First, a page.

Legendary cabaret artiste’s life and music remembered and celebrated

By Mary Dennehy

ONE of the country’s cabaret legends took his final bow on February 17, when the well-known Tallaght performer and father-of-five, Tony Johnston, passed away.

Dean Swift, known at home as Tony Johnston, lived in Old Bawn for the past 45 years with his wife Maureen – where he kept neighbours entertained as he practiced daily in his box-room studio.

Tony Johnston

Over the years, Tony, with his band Dean Swift and the Boys, was a resident act in venues such as the Embankment, Johnny Mac’s in Blessington and Molloys in Tallaght Village – where they played themselves and introduced guest heavy hitters such as Dickie Rock and Red Hurley.

In later years, Tony also brought his music into local nursing homes, including Kiltipper Woods, Glencarrig in Firhouse and Whitechapel, where he entertained residents weekly.

Tony Johnston 2

Tony was part of Ireland’s golden cabaret era and according to his wife Maureen, whom he met when he was only 13, music and family was his life.

“Music was Tony’s life, music and his family that was what was important to him”, Maureen told The Echo. 

“I met Tony when we were 13 and he always loved music, singing and dancing.”

Meeting when they were just 13 on Donore Avenue, South Circular Road, a young Tony and Maureen became a couple at the age of 15 and four years later they tied the knot – moving to Old Bawn in Tallaght in the early seventies.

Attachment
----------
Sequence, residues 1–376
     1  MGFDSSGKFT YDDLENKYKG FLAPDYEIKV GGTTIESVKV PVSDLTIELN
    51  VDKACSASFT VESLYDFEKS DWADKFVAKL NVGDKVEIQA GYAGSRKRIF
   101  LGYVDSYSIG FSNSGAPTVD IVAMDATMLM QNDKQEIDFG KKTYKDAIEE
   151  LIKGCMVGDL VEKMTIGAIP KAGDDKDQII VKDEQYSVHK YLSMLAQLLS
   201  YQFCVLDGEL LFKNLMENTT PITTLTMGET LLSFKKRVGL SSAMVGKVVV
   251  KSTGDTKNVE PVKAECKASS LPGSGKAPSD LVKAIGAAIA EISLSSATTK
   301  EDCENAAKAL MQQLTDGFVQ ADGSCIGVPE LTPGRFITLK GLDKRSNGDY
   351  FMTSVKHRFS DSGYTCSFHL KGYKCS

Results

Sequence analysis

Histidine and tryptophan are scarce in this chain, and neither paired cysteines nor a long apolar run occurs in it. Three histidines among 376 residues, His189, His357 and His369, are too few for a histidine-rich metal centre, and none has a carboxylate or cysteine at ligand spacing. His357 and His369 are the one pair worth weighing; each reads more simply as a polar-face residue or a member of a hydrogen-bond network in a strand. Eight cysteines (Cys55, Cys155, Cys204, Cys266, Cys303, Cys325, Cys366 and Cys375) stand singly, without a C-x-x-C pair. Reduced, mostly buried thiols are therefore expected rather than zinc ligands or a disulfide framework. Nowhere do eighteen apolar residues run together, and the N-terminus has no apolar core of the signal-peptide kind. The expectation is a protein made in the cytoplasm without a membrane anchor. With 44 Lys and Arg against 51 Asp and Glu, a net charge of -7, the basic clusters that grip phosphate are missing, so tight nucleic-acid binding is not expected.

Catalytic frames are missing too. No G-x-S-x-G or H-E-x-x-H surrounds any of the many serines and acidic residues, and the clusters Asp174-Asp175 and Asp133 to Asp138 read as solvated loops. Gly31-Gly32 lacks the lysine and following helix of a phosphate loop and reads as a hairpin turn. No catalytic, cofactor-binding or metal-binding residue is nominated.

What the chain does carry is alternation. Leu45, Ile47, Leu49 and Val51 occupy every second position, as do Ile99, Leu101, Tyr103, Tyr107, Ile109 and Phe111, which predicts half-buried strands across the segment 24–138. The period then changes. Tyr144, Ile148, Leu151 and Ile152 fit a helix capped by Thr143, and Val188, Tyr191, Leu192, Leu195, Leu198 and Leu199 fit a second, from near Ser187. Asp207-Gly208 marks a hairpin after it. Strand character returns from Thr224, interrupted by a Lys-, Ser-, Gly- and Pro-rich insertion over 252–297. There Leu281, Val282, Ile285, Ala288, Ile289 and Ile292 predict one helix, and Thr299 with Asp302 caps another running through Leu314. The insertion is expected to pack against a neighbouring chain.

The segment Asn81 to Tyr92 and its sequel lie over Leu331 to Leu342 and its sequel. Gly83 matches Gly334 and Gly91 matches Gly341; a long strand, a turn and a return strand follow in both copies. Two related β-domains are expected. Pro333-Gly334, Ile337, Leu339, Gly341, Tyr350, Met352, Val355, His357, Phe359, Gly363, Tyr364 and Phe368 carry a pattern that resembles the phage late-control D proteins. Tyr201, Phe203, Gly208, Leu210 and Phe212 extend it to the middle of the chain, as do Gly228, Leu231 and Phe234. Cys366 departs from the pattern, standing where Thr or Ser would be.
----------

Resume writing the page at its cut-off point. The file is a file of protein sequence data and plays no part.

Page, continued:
Maureen, who had five girls with Tony, said: “One night Tony was doing an impression in a local pub when he was spotted and his career started from there.

“He loved every minute of it and while Dean Swift was his stage name, he used to call himself Tony, Harry, Henry and Anthony – people used to be calling and I’d be sending them away thinking they had the wrong house.

“Even though it used to belt it out on stage and was always in the limelight, Tony was quite quiet off stage and was just into his family and music.

Tony Johnston 1

“He’d come home from work as an electrician and would be straight upstairs to the box-room where he practiced with his piano.

“In the summer some of the neighbours would ask me to tell Tony to sing louder when he was practicing and they’d stand out at their walls for the evening with a cuppa and listen.”

She added: “I would have been lost without all of the great neighbours who live on my street, and my children, since Tony got sick – I can’t thank them enough.”

Tony passed away on February 18 at the age of 72 and was celebrated and remembered at a service in Newland’s Cross Crematorium – during which Simon and Garfunkel’s Bridge over Troubled Water was played, the song that Maureen most liked Tony singing.



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